So, after many months of complete under-preparation, yesterday was the big day. Run to the Beat, 13.1 miles of music-powered pain around the mean streets of London, what joy. I’d gone from being super excited when I signed up, to panicking about my gammy knee being healed in time, to being filled with dread about starting a half-marathon basically healthy and capable, but completely lacking in adequate training. I’ve only been running since March this year, and with only 12 miles under my belt in the previous MONTH, how would I fare over 13.1 in one single morning? There was only one way to find out.
I prepared for the big race as any elite athlete would: by stuffing my face with pasta and chicken, and playing several rounds of Left 4 Dead 2 with my brother (also my running partner). A quite rubbish night’s sleep and Weetabix-y breakfast, and we were on the tube with hordes of purple t-shirted runners, making our way to the O2. I was nervous, both about the run and about the toilet queues, visions of the 10k race I marshalled where a girl actually shit herself and CARRIED ON RUNNING filling my mind. If this should ever happen to me (heaven forbid), you can be sure I’d hurl myself into the nearest bush rather than power on bravely to the end. Nothing is worth that, except, perhaps winning the London Marathon. And that is never going to happen to me, is it?
We wended our way to the pens, clad in our Beating Bowel cancer vests, looking at the amount of people in each category and wondering idly who was being overly optimistic about their start time (7,000 people in our 1:40-2 one and 10,000 in the 2-2:30, far fewer before and after). It took an inevitably long time to funnel 20,000 people past the start line, but we were soon off!
The race itself was like an exercise in mental agony. At two miles in, I thought I might die. It was hot and I was a very long way from being in my ‘zone’. I learned something at this point – even when it’s really warm out, and I’m running at close to my threshold, I don’t sweat from my face. Even though my head felt radioactive and ready to burst. I would love to sweat from my face, believe me. But I don’t. So until I hit the first water station at 3 miles, I was about to faint. Not fun. This carried on most of the way round – the music stations were a welcome distraction and the water and Powerade stations a lifeline, though each sip of Powerade was punctuated by recurring visions of the above-mentioned toilet incident. Sport drinks and particularly sport gels can wreak havoc on digestive systems unused to such chemicals. But the minerals in the drink were much-needed, so I risked it, luckily, without any unwanted side effects! I had to stop around five times to stretch out my sore hip and calf muscles, adding precious minutes on, which I thought would make us miss our target by a long way, but I just couldn’t help it. The pain!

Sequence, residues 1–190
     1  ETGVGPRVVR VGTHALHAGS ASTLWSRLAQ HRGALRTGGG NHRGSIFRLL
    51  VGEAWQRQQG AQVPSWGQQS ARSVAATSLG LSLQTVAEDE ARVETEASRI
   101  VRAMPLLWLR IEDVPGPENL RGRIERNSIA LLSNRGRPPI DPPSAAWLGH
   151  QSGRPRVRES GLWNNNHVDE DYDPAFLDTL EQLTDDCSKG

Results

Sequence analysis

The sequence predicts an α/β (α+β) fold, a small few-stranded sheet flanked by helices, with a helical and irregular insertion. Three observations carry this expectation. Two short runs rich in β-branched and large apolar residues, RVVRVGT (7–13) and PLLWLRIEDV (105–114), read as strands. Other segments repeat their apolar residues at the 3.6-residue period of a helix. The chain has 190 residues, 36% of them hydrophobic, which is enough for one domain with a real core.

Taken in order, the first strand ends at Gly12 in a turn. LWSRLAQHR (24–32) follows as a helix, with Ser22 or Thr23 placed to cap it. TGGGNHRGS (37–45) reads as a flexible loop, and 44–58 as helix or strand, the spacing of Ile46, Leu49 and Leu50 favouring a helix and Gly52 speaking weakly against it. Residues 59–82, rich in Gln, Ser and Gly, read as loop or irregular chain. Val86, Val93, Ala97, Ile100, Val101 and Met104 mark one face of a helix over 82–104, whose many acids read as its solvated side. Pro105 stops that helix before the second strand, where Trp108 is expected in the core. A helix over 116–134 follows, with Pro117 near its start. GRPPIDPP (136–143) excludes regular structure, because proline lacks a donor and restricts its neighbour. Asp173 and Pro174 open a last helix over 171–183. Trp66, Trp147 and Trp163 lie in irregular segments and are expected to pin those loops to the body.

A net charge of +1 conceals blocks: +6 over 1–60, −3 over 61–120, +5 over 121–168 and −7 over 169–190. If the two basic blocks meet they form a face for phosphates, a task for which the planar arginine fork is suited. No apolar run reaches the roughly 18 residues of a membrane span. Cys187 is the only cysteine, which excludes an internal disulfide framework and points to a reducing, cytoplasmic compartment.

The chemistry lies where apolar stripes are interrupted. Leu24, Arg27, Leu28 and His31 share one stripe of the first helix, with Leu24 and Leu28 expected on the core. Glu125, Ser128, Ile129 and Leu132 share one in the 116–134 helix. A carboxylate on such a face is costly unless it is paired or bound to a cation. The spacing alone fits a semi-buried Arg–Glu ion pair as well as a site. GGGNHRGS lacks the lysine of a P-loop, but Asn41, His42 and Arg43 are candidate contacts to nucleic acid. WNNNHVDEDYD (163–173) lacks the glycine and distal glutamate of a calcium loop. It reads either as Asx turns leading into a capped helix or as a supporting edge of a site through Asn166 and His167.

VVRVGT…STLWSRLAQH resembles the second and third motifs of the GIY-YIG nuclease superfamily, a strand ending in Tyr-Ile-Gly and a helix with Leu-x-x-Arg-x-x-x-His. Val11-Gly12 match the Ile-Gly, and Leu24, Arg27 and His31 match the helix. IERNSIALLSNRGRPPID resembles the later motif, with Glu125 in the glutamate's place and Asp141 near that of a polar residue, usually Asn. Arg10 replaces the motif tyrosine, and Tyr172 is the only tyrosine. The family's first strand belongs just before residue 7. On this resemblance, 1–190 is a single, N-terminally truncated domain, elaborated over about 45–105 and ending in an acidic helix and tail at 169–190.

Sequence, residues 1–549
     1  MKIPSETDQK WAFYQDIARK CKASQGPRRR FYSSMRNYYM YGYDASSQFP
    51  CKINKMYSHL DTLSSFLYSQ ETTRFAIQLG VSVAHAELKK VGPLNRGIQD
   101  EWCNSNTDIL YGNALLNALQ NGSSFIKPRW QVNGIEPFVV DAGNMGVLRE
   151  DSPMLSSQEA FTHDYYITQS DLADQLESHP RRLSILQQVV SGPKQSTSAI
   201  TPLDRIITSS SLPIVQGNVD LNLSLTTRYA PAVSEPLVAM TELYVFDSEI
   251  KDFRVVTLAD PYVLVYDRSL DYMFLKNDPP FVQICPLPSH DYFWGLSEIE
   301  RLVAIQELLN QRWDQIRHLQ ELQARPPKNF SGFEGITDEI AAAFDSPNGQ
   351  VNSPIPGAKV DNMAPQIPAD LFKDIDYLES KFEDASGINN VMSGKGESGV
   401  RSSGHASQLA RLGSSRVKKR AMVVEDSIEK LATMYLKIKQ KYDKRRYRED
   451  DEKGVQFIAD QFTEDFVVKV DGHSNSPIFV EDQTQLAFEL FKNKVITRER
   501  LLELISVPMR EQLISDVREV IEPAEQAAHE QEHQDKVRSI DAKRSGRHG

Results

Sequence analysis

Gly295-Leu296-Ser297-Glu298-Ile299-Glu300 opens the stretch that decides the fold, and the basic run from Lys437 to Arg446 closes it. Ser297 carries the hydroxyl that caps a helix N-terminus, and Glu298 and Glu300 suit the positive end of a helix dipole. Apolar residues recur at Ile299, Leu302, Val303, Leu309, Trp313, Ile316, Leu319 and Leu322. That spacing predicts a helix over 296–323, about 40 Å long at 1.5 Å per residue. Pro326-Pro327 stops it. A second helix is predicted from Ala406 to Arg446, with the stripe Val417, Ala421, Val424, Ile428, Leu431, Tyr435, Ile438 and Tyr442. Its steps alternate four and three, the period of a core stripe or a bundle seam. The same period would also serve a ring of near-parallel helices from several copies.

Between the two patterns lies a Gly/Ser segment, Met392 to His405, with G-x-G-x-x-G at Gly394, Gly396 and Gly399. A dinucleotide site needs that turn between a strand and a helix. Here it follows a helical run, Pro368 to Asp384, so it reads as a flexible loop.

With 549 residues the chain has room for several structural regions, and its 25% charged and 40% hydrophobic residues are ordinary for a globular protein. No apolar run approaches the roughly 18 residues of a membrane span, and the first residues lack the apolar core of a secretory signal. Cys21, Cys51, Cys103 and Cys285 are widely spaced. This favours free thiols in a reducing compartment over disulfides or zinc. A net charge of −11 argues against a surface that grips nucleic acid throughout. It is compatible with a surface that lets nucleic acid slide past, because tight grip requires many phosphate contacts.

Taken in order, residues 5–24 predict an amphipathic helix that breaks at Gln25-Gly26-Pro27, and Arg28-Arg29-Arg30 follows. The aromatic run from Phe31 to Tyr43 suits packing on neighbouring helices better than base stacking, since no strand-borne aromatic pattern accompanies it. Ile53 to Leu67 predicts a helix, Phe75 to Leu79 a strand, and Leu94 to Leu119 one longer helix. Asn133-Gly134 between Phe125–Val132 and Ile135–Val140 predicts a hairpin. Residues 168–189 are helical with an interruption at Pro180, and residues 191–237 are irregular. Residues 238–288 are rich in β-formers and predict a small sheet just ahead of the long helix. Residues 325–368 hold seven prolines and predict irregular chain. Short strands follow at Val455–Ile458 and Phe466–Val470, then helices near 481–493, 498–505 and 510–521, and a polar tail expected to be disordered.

After 8 miles, I had the added mental barrier of the fact that it was then the furthest I had ever run to overcome, and the pain in my legs increased with every mile thereon. By the final mile, I was just pushing myself with sheer willpower and my brother encouraging me every step to ‘keep going, we’re nearly there’, and, ‘you’re doing amazingly, keep it up!’. He physically pushed me along with his hands a few times, too.
The feeling as I ran over the finish line is indescribable, a sense of massive achievement and sweet relief. The time said 2 hours 13 minutes from when the race started, but we didn’t dare make a guess at what time that meant for us, since we didn’t know if it started on schedule. When the text result came in, I was floored to see that we ran it in 2 hours and 2 minutes – a mere two minutes off my original goal time, and several minutes slower than if I hadn’t stopped to stretch along the way. If I can do that time with so little training, a barely-healed injury and a cold, imagine what time I can do next year! This shows beyond a doubt that the human body is a remarkable piece of kit! And that I seem to be genetically predisposed towards being pretty alright at running.
I couldn’t have done it without Guy, so thank you bro, you’re an absolute star. If it wasn’t for him, I would have collapsed and died about a quarter of the way in. Well, walked a lot more, probably. He’s amazing, and the best running partner I could have hoped for… though without him I probably wouldn’t be in so much pain today! I can barely walk, and I don’t mean that in a dramatic, ooh my legs hurt way. I mean I have to hold on to the wall to stay upright. Worth it though, and no permanent injuries I think, only muscle soreness. Severe, crippling, muscle soreness.
I think running endurance races is like childbirth (probably), it hurts like hell when you’re doing it, but afterwards you forget as you bask in your smug self-satisfaction (ignoring the twinges of pain in the nether regions). I will be back and even better next time. Once I can walk again, that is.
I’m pleased to say we smashed our target for the Bowel Cancer charity we chose, raising £638 so far, and that’s without the offline donations promised by my technophobe best friend, parents, uncles, aunts and grandparents. Hurray! Thanks to everyone who chipped in. You’re all amazing.
Now excuse me while I crawl into another bath. Happy Monday!
PS. If you’re interested in sporty things, then do hop on over to the Boutique Sport site. They have taken me on as one of the Glambassadors of sport, and I’ve written a blog about city cycling which you may find interesting!